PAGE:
The Mystery Dungeon series from Chunsoft has been catering to fans of two-dimensional role-playing games for years. The games offer random dungeons, plenty of items to collect (though rarely enough space to carry them), clumsy turn-based combat, and a degree of challenge that often forces you to retry the same levels over and over again before you’re successful. With Pokemon Mystery Dungeon: Explorers of Darkness and Explorers of Time, the Nintendo DS is getting two versions of its second Mystery Dungeon entry this year. Although these offerings take steps to make the dungeon-hack trappings more accessible than last month’s Mystery Dungeon: Shiren the Wanderer, they still feel monotonous and are too similar to 2006’s Pokemon Mystery Dungeon games to warrant much attention.
Explorers of Darkness and Explorers of Time break the Mystery Dungeon mold by providing you with a hometown and a central guild to which you can return. Game progress is broken down into a combination of routine daily missions and story-based missions, and some plot exposition is given after you complete each. You can also save your progress between missions and take care of your Pokemon in the event that it’s hungry. Consequently, making your way through these games is nowhere near as brutal as you might expect if you’re familiar with their predecessors.
The lower challenge level here definitely has its advantages. For starters, you’re less likely to give up in frustration before you’ve had a chance to enjoy the interesting plot, which has some genuinely touching moments. As in the previous Pokemon Mystery Dungeon games, you start off as an amnesiac human who has been mysteriously transformed into a Pokemon. You soon encounter and partner with a friendly Pokemon, and together you decide to join an explorers guild. Soon, you learn of a world threat that somehow involves the very fabric of time itself. The one glaring issue with the game’s story presentation is the unforgivably redundant dialogue. More often than not, your Pokemon’s thoughts are visible as text before it actually chooses to voice them, at which point it repeats almost word for word what you’ve already read.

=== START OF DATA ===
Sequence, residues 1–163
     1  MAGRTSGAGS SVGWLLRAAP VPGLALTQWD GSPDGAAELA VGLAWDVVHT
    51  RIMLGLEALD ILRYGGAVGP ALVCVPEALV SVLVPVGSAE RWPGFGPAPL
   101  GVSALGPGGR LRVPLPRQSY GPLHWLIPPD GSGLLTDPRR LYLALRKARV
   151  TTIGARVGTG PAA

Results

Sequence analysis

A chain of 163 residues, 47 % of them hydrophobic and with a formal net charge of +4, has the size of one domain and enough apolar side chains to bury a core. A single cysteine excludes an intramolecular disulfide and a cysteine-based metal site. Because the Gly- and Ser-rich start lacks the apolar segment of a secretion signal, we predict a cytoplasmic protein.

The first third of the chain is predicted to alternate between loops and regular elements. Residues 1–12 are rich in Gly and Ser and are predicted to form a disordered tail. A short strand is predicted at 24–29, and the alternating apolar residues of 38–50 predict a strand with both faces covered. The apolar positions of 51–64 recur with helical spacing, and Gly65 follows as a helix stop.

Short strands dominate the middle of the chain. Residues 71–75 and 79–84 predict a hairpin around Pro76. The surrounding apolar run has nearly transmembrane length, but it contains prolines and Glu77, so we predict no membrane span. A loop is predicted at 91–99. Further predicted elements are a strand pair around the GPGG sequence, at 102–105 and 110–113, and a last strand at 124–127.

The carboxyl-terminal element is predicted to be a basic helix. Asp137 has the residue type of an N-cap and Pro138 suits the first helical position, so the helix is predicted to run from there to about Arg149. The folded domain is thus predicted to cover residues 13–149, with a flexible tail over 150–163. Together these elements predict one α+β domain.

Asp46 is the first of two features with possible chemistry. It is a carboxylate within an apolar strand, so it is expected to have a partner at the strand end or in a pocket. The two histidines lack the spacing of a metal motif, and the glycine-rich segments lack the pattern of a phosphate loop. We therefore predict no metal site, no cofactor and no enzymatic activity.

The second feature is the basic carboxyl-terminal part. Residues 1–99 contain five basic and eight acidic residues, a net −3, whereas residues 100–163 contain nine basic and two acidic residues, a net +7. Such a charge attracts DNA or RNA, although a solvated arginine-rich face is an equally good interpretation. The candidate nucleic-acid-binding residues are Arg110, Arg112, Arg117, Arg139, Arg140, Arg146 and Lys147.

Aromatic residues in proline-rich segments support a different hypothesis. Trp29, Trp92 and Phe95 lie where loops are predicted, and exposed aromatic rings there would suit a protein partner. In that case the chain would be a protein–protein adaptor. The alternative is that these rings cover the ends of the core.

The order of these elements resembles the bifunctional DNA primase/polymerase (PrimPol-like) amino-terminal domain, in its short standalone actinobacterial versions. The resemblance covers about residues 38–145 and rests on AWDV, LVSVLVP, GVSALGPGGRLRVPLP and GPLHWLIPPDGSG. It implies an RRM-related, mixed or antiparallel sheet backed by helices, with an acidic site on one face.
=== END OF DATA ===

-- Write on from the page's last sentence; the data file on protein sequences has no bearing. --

The redundancy in the dialog is mirrored in some of the missions that you embark on. Almost every mission involves rescuing a stranded Pokemon or arresting an outlaw Pokemon. There are some item and escort requests, but they all play out in much the same way: delving into a dungeon and going through generic, randomly generated floors until you find the object of your search. Even the story-based missions play out in this way, with the one difference being that the dungeons during these experiences are much longer, provide a few save points in-between floors, and are often capped off with a boss battle.
Most of the battles you encounter, including those against boss characters, help allay the repetitiveness and blandness of the dungeons, though not greatly. The gameplay feels only slightly less clumsy and plodding than that of its Mystery Dungeon predecessors, because every action you take, whether it’s taking a step, attacking, or equipping an item, still counts as a turn. Given that all combat takes place on a map screen presented in the top-down perspective, you’d be forgiven for thinking that the experience would mimic something like the classic Zelda games; instead, you get a clumsy back-and-forth experience that stalls as you wait for every creature to complete its turn.